In UnitedHealth case, doctors see the benefits from their day in court
■ Due to the tenacity of the AMA Litigation Center, doctors are starting to receive reparations for more than a decade of health insurance abuses.
Posted March 19, 2012.
A major victory for physician advocacy became complete recently with a federal court judge’s approval of payments to be released from a historic settlement between health insurers and the out-of-network doctors they underpaid for years. But the legacy of this win — as with all those that come from vigorously defending the legal interests of physicians and their patients — will be felt for years to come.
With the judge’s approval, nearly $200 million in awards started going out to doctors from UnitedHealth Group to settle claims that the insurer used a flawed database it owned to systematically lowball out-of-network pay rates over an extensive period of time.
This behavior went on for about 15 years, and it took a decade-long fight led by the Litigation Center of the American Medical Association and the State Medical Societies to force United not only to stop its behavior, but to pay physicians back for the years of underpayment.
United did not admit any wrongdoing in the settlement. But physicians whose patients chose to see them out of network know that they were wronged, and those who will be receiving compensation will realize that significant pressure was brought to bear to make things right again.
Physicians affected who filed timely claims in 2010 and were approved for payouts should receive those checks no later than April 15. Those doctors who moved in the meantime or for some other reason didn’t receive their checks by then should contact the claims administrator, or the managed care advisory group with whom they filed their claims. The AMA, which has helped affected physicians through every step of the process, has more information online on how to inquire about claims status (link).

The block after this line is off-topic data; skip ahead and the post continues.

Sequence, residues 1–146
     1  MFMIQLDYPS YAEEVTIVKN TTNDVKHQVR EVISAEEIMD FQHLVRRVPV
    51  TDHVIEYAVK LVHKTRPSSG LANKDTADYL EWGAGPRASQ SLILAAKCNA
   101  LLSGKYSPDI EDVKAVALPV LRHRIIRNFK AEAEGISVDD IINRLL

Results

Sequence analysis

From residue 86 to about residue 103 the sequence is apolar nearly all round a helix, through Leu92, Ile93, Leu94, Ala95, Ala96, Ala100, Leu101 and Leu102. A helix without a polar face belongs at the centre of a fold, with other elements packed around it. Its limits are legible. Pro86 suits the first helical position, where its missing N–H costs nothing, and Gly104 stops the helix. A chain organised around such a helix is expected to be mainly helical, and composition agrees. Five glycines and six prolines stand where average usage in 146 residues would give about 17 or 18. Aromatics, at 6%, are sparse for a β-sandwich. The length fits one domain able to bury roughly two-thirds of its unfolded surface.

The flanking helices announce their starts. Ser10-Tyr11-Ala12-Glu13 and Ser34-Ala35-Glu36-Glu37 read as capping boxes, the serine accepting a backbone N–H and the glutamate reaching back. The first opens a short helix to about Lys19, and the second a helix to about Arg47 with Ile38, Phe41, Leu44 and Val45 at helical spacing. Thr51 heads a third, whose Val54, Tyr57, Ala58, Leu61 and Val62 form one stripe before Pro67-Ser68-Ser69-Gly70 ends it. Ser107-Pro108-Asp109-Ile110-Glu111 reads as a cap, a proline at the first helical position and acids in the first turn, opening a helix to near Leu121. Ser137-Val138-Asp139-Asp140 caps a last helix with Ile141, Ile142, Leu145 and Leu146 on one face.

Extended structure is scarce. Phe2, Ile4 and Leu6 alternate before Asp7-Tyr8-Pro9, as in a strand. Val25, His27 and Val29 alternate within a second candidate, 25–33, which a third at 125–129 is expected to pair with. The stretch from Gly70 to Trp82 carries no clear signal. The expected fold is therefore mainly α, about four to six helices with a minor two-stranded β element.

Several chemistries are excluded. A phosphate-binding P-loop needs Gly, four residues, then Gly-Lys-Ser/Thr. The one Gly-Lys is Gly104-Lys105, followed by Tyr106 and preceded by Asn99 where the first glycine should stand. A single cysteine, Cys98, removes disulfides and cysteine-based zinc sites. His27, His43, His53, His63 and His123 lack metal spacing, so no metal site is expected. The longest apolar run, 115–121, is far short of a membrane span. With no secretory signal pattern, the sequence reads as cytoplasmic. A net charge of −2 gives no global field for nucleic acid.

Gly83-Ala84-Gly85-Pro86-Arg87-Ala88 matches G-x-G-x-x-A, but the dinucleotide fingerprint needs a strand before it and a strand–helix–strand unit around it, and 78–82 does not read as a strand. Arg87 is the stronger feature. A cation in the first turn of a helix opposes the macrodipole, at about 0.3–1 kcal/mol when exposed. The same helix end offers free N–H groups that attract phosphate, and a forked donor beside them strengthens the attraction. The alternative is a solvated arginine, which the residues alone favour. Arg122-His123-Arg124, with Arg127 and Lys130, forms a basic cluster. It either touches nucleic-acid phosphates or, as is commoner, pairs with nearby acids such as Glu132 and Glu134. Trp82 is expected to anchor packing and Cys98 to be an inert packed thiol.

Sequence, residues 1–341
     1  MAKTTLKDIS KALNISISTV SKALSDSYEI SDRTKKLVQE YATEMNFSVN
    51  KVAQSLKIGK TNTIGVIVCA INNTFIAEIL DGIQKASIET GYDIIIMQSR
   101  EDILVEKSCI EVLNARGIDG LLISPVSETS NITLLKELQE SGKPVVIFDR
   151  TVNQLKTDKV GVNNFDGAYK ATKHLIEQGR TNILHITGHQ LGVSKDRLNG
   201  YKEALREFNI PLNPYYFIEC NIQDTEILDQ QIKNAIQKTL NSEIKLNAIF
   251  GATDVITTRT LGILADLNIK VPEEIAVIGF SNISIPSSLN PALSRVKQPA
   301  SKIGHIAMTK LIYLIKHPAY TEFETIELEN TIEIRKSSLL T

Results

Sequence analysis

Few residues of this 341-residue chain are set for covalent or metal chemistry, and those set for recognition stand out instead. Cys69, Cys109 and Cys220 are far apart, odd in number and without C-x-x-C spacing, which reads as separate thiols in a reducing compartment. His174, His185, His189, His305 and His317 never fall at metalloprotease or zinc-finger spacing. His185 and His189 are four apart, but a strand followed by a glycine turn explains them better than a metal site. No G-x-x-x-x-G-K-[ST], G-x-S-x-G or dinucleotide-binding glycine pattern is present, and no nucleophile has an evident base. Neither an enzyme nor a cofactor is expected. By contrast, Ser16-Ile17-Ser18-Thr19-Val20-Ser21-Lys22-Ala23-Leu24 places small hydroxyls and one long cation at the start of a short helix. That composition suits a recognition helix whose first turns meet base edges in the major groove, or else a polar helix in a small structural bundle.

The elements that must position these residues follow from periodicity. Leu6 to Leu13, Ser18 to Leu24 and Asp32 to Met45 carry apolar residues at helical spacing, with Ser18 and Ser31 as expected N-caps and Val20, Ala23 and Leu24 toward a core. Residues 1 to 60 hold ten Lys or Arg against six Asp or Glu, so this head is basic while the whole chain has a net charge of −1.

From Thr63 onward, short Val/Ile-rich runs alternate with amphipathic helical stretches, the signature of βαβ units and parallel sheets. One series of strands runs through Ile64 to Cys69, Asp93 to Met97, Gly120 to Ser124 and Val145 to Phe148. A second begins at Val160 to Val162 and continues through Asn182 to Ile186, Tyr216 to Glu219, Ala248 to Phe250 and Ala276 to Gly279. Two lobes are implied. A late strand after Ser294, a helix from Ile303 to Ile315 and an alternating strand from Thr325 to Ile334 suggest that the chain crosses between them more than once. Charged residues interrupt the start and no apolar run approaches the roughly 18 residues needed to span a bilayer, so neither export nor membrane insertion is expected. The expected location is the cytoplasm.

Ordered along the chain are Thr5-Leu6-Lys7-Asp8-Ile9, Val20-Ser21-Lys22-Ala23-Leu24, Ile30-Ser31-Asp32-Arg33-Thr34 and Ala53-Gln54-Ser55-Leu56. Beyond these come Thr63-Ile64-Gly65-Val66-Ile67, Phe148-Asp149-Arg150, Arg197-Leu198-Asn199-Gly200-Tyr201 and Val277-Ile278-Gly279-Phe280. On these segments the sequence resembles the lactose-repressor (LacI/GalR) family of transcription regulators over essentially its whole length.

But the more lasting effects of this settlement will survive long after the final settlement checks have been received by approved claimants. And many more physicians and patients than the ones who were harmed directly will see the benefits of that.
As part of the settlement, United and other major health insurers have agreed to outsource the important job of setting usual, customary and reasonable rates for out-of-network services. That’s the process that shortchanged doctors when insurers were in control of it despite the massive conflict of interest that it posed. Under legal pressure from then-New York Attorney General Andrew Cuomo — who was alerted by the AMA to the years of underpayment — the insurers agreed to help pay for a new, independent system that would cut out the abuse.
The result, FAIR Health Inc., has been in operation for more than two years. Its continuing mission is to ensure that physicians never again need to worry that the rates they are receiving have been surreptitiously and artificially deflated by insurers. And patients who choose to go out of network should never again need to worry that their favorite doctors are being cheated because of that choice.
Physician advocacy takes many forms, and much can be accomplished by organized medicine keeping open lines of communication with payers and others with whom doctors might have some serious disagreements. But when that strategy cannot procure acceptable results, physicians sometimes do need to turn to the courts for relief.
That’s where the Litigation Center comes in. Everybody needs a good lawyer at some point. When the stakes are as high as they were in this case, what’s needed is the strongest legal representation possible.
The United settlement and the lawsuit that led to it is the perfect example of this. Given how systemic and entrenched the insurance abuses were in this case, affected doctors would not have gotten far challenging the insurers in court on an individual basis. But with their voices combined and amplified through the Litigation Center, physicians were able to keep up the pressure and emerge victorious after their multiyear battle.